Editor's Note. This story was published originally by the Scheller School of Business on Dec. 12, 2018. It has been adapted for the College of Sciences.
Georgia Tech’s Carbon Reduction Challenge (CRC), a program that helps students design and implement large-scale projects to save energy, received two first-place awards at the 2019 Reimagine Education Conference & Awards in San Francisco. The international competition spotlights innovative initiatives aimed at enhancing student learning outcomes and employability across five disciplines and 17 categories.
The CRC is co-directed by College of Sciences Professor and Georgia Tech Global Change Program Director Kim Cobb and Scheller College of Business Professor and Ray C. Anderson Center for Sustainable Business (“Center”) Faculty Director Beril Toktay. The CRC pairs teams of undergraduate students with a diverse set of local organizations to identify opportunities for large-scale energy efficiency gains that will save greenhouse gas emissions and deliver significant energy cost savings.
This year’s competition received 1,184 project submissions from 39 countries. Submissions were evaluated by 160 international judges. The CRC won first place in the “Sustainability” category as well as first place in the “Natural Sciences” discipline. It was also selected as one of ten finalists to advance to the Grand Finale.
The CRC began as a class project that Cobb initiated in 2007. In 2017, it was expanded to include co-op and internship students across Georgia Tech in collaboration with Toktay and with funding from the Ray C. Anderson Foundation’s NextGen Committee and the Scheller College of Business Dean’s Innovation Fund. It also became an affiliated project of the Georgia Tech Serve-Learn-Sustain initiative.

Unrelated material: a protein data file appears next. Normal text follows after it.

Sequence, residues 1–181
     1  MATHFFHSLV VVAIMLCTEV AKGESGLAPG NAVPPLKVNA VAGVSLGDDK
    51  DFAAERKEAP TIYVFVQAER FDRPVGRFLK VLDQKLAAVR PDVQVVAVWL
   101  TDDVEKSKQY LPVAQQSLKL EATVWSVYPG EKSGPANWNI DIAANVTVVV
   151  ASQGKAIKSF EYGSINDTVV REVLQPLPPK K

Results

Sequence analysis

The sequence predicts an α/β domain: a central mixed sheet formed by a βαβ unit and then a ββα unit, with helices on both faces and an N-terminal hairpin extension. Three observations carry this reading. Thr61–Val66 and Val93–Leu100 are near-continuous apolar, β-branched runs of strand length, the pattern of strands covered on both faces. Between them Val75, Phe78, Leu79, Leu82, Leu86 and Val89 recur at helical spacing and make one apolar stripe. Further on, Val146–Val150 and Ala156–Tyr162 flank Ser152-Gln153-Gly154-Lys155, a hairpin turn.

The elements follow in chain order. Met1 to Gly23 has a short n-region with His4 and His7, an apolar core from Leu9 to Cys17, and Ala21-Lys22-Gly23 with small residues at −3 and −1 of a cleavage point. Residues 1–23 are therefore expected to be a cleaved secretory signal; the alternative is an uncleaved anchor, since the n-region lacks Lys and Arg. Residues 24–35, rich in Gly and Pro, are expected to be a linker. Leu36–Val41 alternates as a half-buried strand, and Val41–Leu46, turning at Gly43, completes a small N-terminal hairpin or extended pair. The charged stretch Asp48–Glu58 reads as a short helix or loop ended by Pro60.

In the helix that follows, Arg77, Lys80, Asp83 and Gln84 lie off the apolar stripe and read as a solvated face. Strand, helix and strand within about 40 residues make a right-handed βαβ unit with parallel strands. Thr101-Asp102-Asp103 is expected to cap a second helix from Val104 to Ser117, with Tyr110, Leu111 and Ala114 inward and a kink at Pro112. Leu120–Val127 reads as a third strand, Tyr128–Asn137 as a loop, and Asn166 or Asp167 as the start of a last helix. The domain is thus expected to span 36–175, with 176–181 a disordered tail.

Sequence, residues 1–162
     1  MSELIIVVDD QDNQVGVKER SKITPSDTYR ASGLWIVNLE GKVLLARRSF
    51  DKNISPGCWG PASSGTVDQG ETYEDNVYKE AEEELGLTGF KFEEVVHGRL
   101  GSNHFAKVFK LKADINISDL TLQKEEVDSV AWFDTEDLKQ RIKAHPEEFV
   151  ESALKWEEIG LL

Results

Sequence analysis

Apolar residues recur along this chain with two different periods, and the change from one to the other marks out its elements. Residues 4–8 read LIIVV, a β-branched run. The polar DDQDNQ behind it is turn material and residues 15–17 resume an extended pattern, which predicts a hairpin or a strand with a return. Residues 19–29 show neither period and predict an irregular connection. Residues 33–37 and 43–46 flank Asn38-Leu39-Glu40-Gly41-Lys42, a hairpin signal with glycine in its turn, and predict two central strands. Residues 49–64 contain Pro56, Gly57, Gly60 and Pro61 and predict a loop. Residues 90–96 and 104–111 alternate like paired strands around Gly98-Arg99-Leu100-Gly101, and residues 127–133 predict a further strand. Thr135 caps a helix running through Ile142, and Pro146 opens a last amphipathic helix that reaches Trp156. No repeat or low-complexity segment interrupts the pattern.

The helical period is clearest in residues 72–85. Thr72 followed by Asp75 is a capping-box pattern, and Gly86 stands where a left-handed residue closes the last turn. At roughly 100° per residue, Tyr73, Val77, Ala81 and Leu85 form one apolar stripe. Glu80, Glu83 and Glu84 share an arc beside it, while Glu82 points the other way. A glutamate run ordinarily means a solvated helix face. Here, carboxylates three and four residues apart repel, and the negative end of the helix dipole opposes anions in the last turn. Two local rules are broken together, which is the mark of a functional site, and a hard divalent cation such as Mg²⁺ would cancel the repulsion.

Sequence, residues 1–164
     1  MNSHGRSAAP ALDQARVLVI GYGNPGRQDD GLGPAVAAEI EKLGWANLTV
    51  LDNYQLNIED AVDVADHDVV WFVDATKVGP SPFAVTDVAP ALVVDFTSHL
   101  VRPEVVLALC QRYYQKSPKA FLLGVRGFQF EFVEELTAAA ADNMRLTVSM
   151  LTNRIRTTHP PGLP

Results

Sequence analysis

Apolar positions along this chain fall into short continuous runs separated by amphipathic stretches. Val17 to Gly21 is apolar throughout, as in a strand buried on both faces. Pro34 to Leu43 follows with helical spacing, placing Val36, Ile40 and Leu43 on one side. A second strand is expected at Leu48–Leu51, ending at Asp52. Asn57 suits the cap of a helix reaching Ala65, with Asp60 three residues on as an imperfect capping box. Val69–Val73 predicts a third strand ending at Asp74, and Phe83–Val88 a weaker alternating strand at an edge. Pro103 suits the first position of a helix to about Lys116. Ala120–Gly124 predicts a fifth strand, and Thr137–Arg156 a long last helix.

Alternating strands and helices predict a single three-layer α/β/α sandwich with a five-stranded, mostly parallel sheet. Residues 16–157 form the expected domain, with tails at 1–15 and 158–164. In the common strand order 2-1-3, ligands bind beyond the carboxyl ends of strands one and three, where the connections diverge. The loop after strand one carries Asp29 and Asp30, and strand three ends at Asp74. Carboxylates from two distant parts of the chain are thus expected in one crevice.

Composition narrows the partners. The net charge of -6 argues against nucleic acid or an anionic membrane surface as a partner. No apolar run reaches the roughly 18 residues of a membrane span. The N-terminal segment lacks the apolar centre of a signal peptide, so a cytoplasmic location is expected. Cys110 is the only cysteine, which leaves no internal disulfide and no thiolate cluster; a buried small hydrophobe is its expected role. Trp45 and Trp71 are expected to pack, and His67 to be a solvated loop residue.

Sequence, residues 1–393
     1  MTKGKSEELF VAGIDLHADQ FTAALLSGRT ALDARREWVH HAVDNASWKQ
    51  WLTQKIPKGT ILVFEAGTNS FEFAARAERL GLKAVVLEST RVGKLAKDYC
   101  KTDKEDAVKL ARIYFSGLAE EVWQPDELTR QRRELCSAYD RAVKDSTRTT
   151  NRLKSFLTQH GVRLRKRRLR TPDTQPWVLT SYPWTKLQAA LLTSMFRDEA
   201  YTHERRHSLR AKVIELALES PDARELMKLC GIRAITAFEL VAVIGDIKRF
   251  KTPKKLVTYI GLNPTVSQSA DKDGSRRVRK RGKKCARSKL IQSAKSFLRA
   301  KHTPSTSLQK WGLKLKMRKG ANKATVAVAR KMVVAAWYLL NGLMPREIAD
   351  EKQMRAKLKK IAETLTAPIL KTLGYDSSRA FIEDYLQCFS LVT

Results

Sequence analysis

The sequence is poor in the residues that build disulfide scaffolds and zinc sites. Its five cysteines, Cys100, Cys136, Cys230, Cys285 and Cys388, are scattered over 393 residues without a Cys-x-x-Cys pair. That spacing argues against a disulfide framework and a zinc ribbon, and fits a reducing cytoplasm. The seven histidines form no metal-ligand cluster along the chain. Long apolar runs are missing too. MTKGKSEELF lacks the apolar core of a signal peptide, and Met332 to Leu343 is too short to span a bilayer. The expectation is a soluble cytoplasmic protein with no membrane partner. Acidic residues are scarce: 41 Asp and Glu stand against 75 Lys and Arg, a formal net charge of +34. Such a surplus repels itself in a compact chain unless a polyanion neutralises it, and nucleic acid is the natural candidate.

In 2018, the CRC expanded its reach by inviting Emory University students to participate as well. The CRC became an official activity of the Georgia Climate Project, a statewide, multi-year effort to improve understanding of climate impacts and solutions across the state and to encourage Georgia residents to take effective, science-based climate action. CRC projects launched since 2017 have already resulted in over two million pounds of avoided CO2 emissions and are projected to deliver hundreds of thousands of dollars in avoided energy costs to partner organizations. Finalists present their projects at a public poster expo, and judges score projects to decide the winners who receive cash prizes thanks to a gift from the Sheth Family Foundation.
Reimagine Education is sponsored in part by the Alfred West Jr. Learning Lab of the Wharton School of Business at the University of Pennsylvania.
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